scipy.stats.moyal¶

scipy.stats.moyal = <scipy.stats._continuous_distns.moyal_gen object>[source]

A Moyal continuous random variable.

As an instance of the rv_continuous class, moyal object inherits from it a collection of generic methods (see below for the full list), and completes them with details specific for this particular distribution.

Notes

The probability density function for moyal is:

$f(x) = \exp(-(x + \exp(-x))/2) / \sqrt{2\pi}$

for a real number $$x$$.

The probability density above is defined in the “standardized” form. To shift and/or scale the distribution use the loc and scale parameters. Specifically, moyal.pdf(x, loc, scale) is identically equivalent to moyal.pdf(y) / scale with y = (x - loc) / scale. Note that shifting the location of a distribution does not make it a “noncentral” distribution; noncentral generalizations of some distributions are available in separate classes.

This distribution has utility in high-energy physics and radiation detection. It describes the energy loss of a charged relativistic particle due to ionization of the medium [1]. It also provides an approximation for the Landau distribution. For an in depth description see [2]. For additional description, see [3].

References

1

J.E. Moyal, “XXX. Theory of ionization fluctuations”, The London, Edinburgh, and Dublin Philosophical Magazine and Journal of Science, vol 46, 263-280, (1955). DOI:10.1080/14786440308521076 (gated)

2

G. Cordeiro et al., “The beta Moyal: a useful skew distribution”, International Journal of Research and Reviews in Applied Sciences, vol 10, 171-192, (2012). http://www.arpapress.com/Volumes/Vol10Issue2/IJRRAS_10_2_02.pdf

3

C. Walck, “Handbook on Statistical Distributions for Experimentalists; International Report SUF-PFY/96-01”, Chapter 26, University of Stockholm: Stockholm, Sweden, (2007). http://www.stat.rice.edu/~dobelman/textfiles/DistributionsHandbook.pdf

New in version 1.1.0.

Examples

>>> from scipy.stats import moyal
>>> import matplotlib.pyplot as plt
>>> fig, ax = plt.subplots(1, 1)


Calculate the first four moments:

>>> mean, var, skew, kurt = moyal.stats(moments='mvsk')


Display the probability density function (pdf):

>>> x = np.linspace(moyal.ppf(0.01),
...                 moyal.ppf(0.99), 100)
>>> ax.plot(x, moyal.pdf(x),
...        'r-', lw=5, alpha=0.6, label='moyal pdf')


Alternatively, the distribution object can be called (as a function) to fix the shape, location and scale parameters. This returns a “frozen” RV object holding the given parameters fixed.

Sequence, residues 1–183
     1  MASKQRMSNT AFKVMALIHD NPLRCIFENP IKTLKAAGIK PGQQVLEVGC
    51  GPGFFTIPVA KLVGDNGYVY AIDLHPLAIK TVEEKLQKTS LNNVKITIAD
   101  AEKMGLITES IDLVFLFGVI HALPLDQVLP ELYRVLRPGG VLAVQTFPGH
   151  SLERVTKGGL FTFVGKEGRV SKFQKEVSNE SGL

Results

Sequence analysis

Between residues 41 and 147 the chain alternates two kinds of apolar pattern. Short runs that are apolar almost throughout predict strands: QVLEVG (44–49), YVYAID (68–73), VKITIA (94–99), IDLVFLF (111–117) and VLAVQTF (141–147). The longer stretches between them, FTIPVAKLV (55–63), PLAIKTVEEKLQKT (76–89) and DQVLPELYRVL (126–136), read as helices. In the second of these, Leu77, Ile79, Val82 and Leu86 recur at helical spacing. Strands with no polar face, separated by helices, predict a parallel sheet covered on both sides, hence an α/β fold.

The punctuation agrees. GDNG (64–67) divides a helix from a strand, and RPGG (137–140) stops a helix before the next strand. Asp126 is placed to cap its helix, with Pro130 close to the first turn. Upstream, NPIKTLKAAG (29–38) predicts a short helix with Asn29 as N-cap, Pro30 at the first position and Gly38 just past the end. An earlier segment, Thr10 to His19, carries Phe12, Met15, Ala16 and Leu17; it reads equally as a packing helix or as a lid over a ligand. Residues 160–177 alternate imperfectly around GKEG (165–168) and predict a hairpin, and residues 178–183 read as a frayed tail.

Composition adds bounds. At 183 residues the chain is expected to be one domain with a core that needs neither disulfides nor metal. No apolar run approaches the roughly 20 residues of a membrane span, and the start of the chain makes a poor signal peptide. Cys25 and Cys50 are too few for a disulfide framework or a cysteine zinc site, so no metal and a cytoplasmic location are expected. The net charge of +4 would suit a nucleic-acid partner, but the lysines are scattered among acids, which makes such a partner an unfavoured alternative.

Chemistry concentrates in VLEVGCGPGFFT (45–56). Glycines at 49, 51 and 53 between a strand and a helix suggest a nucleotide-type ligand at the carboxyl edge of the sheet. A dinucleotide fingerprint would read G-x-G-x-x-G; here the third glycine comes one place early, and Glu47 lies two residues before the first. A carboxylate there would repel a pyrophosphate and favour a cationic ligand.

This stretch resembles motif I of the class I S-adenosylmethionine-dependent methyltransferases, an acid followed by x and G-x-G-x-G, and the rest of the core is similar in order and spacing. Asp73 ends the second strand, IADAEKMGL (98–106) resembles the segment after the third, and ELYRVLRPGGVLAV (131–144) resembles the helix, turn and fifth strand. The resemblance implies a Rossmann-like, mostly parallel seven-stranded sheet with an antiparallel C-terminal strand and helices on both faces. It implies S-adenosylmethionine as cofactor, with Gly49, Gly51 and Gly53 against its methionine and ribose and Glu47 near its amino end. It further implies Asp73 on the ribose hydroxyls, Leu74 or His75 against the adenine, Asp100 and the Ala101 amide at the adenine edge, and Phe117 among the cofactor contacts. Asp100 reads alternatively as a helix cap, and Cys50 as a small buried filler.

Freeze the distribution and display the frozen pdf:

>>> rv = moyal()
>>> ax.plot(x, rv.pdf(x), 'k-', lw=2, label='frozen pdf')


Check accuracy of cdf and ppf:

>>> vals = moyal.ppf([0.001, 0.5, 0.999])
>>> np.allclose([0.001, 0.5, 0.999], moyal.cdf(vals))
True


Generate random numbers:

>>> r = moyal.rvs(size=1000)


And compare the histogram:

>>> ax.hist(r, density=True, histtype='stepfilled', alpha=0.2)
>>> ax.legend(loc='best', frameon=False)
>>> plt.show()


Methods

 rvs(loc=0, scale=1, size=1, random_state=None) Random variates. pdf(x, loc=0, scale=1) Probability density function. logpdf(x, loc=0, scale=1) Log of the probability density function. cdf(x, loc=0, scale=1) Cumulative distribution function. logcdf(x, loc=0, scale=1) Log of the cumulative distribution function. sf(x, loc=0, scale=1) Survival function (also defined as 1 - cdf, but sf is sometimes more accurate). logsf(x, loc=0, scale=1) Log of the survival function. ppf(q, loc=0, scale=1) Percent point function (inverse of cdf — percentiles). isf(q, loc=0, scale=1) Inverse survival function (inverse of sf). moment(n, loc=0, scale=1) Non-central moment of order n stats(loc=0, scale=1, moments=’mv’) Mean(‘m’), variance(‘v’), skew(‘s’), and/or kurtosis(‘k’). entropy(loc=0, scale=1) (Differential) entropy of the RV. fit(data) Parameter estimates for generic data. See scipy.stats.rv_continuous.fit for detailed documentation of the keyword arguments. expect(func, args=(), loc=0, scale=1, lb=None, ub=None, conditional=False, **kwds) Expected value of a function (of one argument) with respect to the distribution. median(loc=0, scale=1) Median of the distribution. mean(loc=0, scale=1) Mean of the distribution. var(loc=0, scale=1) Variance of the distribution. std(loc=0, scale=1) Standard deviation of the distribution. interval(alpha, loc=0, scale=1) Endpoints of the range that contains fraction alpha [0, 1] of the distribution